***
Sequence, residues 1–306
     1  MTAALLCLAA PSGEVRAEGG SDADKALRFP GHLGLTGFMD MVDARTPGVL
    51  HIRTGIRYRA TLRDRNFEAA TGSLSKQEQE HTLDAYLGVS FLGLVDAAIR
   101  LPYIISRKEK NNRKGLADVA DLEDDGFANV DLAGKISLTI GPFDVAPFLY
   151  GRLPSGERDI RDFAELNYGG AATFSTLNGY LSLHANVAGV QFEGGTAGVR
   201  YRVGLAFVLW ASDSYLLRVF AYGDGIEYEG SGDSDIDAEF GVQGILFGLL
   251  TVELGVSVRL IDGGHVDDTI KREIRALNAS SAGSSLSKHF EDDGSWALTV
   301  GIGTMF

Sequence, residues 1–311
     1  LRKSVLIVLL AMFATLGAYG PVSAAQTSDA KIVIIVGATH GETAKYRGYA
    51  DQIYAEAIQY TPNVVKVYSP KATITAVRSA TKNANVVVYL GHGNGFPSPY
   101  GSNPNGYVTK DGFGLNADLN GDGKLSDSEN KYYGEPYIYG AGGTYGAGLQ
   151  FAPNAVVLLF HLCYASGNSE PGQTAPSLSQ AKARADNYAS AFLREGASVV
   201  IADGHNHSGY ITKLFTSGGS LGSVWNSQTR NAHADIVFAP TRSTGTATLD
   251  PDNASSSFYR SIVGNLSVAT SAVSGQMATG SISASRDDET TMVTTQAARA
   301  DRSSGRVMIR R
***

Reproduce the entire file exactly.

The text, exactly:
Sequence, residues 1–306
     1  MTAALLCLAA PSGEVRAEGG SDADKALRFP GHLGLTGFMD MVDARTPGVL
    51  HIRTGIRYRA TLRDRNFEAA TGSLSKQEQE HTLDAYLGVS FLGLVDAAIR
   101  LPYIISRKEK NNRKGLADVA DLEDDGFANV DLAGKISLTI GPFDVAPFLY
   151  GRLPSGERDI RDFAELNYGG AATFSTLNGY LSLHANVAGV QFEGGTAGVR
   201  YRVGLAFVLW ASDSYLLRVF AYGDGIEYEG SGDSDIDAEF GVQGILFGLL
   251  TVELGVSVRL IDGGHVDDTI KREIRALNAS SAGSSLSKHF EDDGSWALTV
   301  GIGTMF

Sequence, residues 1–311
     1  LRKSVLIVLL AMFATLGAYG PVSAAQTSDA KIVIIVGATH GETAKYRGYA
    51  DQIYAEAIQY TPNVVKVYSP KATITAVRSA TKNANVVVYL GHGNGFPSPY
   101  GSNPNGYVTK DGFGLNADLN GDGKLSDSEN KYYGEPYIYG AGGTYGAGLQ
   151  FAPNAVVLLF HLCYASGNSE PGQTAPSLSQ AKARADNYAS AFLREGASVV
   201  IADGHNHSGY ITKLFTSGGS LGSVWNSQTR NAHADIVFAP TRSTGTATLD
   251  PDNASSSFYR SIVGNLSVAT SAVSGQMATG SISASRDDET TMVTTQAARA
   301  DRSSGRVMIR R